In Re Silvergate Capital Corporation Securities Litigation

Court: United States District Court for the Southern District of California
Case Number: 3:22-cv-01936
Class Period: 11/07/2019 - 03/21/2023
Case Leaders: Hannah Ross, John Rizio-Hamilton, Jonathan D. Uslaner
Case Team: Lauren M. Cruz, Nicole Santoro, Shane Avidan

This is a securities class action filed on behalf of (a) all persons and entities who purchased or otherwise acquired the publicly traded stock of Silvergate Capital Corporation (“Silvergate”) between November 7, 2019 through March 21, 2023, inclusive (the “Class Period”), and were damaged thereby; and (b) all persons or entities who purchased Silvergate stock in or traceable to Silvergate’s securities offerings conducted on or about January 20, 2021, March 18, 2021, July 28, 2021, and December 6, 2021 (collectively, the “2021 Offerings”), and were damaged thereby. The action alleges violations of the Exchange Act of 1934 and violations of the Securities Act of 1933 against Silvergate, its CEO, Alan Lane, and certain other executives, directors, and underwriters involved in the 2021 Offerings. The Honorable James Edward Simmons Jr. is presiding over the case.

On January 19, 2023, Bernstein Litowitz Berger & Grossmann LLP (“BLB&G”) filed a class action lawsuit in the U.S. District Court for the Southern District of California, captioned International Union of Operating Engineers, Local No. 793, Members Pension Benefit Trust of Ontario v. Silvergate Capital Corp., No. 3:23-cv-00099 (S.D. Cal.).  On February 28, 2023, the Court appointed Lead Plaintiffs and approved BLB&G to serve as co-lead counsel.

Lead Plaintiffs filed the amended, operative complaint on May 11, 2023. Defendants filed their motions to dismiss the complaint on July 10, 2023, and the parties completed briefing on October 23, 2023. Judge Simmons held a hearing on Defendants’ motions on November 29, 2023. No order has issued.

Background of Exchange Act Claim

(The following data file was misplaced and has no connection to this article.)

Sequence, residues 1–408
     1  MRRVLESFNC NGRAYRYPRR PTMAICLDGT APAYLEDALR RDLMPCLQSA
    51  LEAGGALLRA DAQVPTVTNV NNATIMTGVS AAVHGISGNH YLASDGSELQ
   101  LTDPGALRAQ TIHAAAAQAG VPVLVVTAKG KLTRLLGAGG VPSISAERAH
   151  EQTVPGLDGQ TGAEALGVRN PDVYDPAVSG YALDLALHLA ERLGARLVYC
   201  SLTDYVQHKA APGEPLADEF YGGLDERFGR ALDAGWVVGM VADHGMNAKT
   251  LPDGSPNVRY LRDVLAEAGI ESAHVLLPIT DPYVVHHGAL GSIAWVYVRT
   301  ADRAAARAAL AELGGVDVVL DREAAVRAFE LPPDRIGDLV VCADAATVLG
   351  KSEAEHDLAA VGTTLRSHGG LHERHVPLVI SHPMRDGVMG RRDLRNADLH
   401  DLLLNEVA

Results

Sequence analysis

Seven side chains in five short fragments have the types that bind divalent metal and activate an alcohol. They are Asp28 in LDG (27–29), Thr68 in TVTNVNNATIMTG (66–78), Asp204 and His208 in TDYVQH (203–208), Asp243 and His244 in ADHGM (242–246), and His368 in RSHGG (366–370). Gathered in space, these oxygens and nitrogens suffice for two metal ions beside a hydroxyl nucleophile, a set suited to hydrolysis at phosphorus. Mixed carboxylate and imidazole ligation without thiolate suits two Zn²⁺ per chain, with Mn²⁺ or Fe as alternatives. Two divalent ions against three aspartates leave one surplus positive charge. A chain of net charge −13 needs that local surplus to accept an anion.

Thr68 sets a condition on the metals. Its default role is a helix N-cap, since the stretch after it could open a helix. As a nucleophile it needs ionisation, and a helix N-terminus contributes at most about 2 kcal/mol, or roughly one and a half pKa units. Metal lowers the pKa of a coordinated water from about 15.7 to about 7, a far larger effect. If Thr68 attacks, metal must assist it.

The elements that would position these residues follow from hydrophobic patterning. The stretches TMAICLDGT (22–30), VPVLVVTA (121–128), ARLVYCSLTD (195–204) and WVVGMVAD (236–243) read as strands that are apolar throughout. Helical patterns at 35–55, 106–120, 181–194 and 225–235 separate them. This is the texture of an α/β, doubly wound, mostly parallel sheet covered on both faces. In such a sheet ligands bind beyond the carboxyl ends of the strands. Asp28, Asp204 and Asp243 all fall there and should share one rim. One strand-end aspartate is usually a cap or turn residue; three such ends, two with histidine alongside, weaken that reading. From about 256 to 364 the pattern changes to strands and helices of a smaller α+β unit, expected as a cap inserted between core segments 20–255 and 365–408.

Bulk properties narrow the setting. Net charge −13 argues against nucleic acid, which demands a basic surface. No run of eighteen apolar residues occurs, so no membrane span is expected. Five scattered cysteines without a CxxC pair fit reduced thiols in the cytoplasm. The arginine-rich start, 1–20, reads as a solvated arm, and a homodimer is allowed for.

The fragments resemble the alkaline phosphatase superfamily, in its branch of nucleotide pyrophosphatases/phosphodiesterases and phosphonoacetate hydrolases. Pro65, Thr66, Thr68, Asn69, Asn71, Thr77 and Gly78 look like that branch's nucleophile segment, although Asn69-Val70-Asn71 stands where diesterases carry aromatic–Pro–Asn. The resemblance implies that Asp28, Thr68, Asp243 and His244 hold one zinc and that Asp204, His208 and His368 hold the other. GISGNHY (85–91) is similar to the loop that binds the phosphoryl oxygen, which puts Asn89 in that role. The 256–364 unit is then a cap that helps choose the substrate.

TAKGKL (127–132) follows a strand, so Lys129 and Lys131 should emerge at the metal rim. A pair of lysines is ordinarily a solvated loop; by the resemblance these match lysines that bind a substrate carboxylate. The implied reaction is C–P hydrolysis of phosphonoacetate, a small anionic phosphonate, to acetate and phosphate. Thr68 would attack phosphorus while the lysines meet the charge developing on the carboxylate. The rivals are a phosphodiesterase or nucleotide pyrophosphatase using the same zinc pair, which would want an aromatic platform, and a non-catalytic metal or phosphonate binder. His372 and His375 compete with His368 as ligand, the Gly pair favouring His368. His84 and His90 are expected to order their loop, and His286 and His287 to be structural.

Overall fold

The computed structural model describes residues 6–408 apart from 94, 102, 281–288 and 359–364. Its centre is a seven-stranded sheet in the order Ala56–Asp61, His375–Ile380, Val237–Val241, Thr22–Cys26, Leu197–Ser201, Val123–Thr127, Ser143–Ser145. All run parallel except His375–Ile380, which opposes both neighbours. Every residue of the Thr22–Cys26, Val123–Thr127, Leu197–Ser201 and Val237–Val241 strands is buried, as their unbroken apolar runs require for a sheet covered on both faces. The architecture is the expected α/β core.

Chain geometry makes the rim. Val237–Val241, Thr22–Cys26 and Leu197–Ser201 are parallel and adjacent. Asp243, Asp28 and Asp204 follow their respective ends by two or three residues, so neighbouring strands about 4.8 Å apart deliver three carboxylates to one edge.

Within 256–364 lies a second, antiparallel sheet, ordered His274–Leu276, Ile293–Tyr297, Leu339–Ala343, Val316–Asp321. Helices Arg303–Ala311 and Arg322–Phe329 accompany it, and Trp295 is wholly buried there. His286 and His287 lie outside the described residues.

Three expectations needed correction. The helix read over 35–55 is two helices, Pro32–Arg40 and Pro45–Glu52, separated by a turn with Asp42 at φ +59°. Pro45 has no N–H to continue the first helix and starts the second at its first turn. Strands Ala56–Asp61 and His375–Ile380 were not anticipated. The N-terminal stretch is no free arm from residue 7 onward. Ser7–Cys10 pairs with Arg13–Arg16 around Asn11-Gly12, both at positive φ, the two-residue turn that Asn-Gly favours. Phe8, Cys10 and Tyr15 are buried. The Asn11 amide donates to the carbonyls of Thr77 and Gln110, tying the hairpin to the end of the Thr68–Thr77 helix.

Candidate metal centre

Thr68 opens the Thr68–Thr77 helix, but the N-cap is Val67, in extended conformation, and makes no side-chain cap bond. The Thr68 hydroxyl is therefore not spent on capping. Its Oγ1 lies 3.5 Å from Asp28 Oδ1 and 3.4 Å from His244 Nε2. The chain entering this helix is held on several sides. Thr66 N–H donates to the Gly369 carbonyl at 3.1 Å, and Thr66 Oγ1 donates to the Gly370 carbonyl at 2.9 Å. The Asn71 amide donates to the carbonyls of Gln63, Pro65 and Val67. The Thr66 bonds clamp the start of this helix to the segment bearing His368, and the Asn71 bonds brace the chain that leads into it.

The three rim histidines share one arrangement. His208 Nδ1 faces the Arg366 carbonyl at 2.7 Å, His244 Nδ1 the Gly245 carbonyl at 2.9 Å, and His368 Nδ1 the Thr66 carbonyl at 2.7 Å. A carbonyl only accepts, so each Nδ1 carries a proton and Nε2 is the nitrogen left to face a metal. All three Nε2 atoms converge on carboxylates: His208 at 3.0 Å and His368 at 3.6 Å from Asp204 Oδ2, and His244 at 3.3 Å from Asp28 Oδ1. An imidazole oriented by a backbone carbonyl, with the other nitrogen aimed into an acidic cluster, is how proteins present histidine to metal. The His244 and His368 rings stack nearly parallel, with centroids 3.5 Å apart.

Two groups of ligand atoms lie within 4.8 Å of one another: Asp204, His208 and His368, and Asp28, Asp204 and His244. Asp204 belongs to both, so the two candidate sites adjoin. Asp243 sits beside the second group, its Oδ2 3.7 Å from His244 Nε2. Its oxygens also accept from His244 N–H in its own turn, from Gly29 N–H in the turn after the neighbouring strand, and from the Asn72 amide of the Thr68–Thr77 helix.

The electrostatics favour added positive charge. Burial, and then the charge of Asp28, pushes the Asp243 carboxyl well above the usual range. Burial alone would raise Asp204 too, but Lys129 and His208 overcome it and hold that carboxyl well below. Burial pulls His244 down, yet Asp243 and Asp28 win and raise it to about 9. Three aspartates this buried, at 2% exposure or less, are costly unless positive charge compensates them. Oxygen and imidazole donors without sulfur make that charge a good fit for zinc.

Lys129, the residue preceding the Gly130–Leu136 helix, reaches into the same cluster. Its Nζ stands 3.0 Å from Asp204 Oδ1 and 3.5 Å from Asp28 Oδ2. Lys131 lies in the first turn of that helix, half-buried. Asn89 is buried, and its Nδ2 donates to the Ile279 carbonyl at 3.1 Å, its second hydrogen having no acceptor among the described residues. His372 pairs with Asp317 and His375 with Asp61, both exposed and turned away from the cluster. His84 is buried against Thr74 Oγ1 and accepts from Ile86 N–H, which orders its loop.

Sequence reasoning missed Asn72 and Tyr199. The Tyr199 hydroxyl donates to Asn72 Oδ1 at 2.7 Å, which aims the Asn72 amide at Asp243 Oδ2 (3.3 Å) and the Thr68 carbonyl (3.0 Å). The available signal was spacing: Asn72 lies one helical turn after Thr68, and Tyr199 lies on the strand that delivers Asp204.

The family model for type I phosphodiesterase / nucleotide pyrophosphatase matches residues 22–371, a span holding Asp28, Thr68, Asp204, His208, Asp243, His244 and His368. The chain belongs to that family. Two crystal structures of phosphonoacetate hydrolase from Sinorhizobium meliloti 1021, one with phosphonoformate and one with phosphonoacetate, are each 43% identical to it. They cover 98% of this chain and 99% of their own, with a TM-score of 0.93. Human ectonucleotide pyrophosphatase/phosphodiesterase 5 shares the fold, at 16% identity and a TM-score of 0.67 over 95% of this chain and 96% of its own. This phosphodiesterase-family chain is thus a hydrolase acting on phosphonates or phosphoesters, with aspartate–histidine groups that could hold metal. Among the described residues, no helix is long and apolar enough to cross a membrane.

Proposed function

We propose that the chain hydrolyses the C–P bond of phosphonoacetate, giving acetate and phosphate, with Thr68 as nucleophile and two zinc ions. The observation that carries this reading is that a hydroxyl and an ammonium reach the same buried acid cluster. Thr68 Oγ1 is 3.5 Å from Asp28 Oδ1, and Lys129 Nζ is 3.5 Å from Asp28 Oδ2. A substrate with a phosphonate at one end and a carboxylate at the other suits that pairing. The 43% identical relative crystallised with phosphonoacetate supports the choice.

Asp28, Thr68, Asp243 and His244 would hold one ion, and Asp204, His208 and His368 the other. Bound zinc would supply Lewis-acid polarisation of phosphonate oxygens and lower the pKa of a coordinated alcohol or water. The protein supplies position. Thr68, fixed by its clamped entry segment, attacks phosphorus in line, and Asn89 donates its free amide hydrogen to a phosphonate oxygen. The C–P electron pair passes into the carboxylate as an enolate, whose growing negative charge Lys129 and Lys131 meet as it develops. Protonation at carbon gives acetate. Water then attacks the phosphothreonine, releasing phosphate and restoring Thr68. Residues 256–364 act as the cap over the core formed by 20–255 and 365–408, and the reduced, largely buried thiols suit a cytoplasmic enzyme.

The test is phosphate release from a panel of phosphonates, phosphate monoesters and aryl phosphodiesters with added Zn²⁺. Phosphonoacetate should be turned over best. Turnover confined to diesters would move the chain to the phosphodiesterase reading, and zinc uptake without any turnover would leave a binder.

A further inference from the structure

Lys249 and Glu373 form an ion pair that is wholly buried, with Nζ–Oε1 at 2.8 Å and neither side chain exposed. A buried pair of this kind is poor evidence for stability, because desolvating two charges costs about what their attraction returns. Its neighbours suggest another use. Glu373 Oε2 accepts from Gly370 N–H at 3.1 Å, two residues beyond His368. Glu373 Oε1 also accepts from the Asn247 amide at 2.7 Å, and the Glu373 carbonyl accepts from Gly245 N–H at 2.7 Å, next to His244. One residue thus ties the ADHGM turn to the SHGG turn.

As alleged in the Complaint, in just a few years, Silvergate went from a local community lending bank to the go-to bank of the world’s $600 billion cryptocurrency industry.  Silvergate’s deposits ballooned 10-fold; its stock price skyrocketed almost 20-fold; and its top executives profited handsomely. But Silvergate achieved these results through deception, giving the Silvergate “seal of approval” to and bringing aboard as “Silvergate-approved” customers some of the biggest sham entities in American history. All the while, Silvergate and its CEO, Alan Lane, time-and-again assured the public that the Bank conducted extensive vetting, due diligence, and monitoring of customers—which supposedly was Silvergate’s “secret sauce” that provided it a “distinct competitive advantage.” Customers and investors alike trusted these representations, pouring in their deposits and sending the stock price soaring.

Unknown to investors at the time, Silvergate did not vet, perform due diligence of, or monitor its clients. Rather, to drive deposits, Silvergate indiscriminately banked cryptocurrency entities—many of which were outright shams that fleeced innocent customers of billions of dollars. As the public eventually learned the true facts, Silvergate’s customers fled and its stock price tumbled almost 100%. The Bank was forced into liquidation; its employees were nearly all fired; the DOJ is conducting an investigation; Silvergate failed to file its annual report with the SEC; and a bipartisan group of U.S. senators lambasted Lane and Silvergate for their “severe due diligence failures” and “egregious failure” to “monitor for and report suspicious financial activity carried out by its clients.”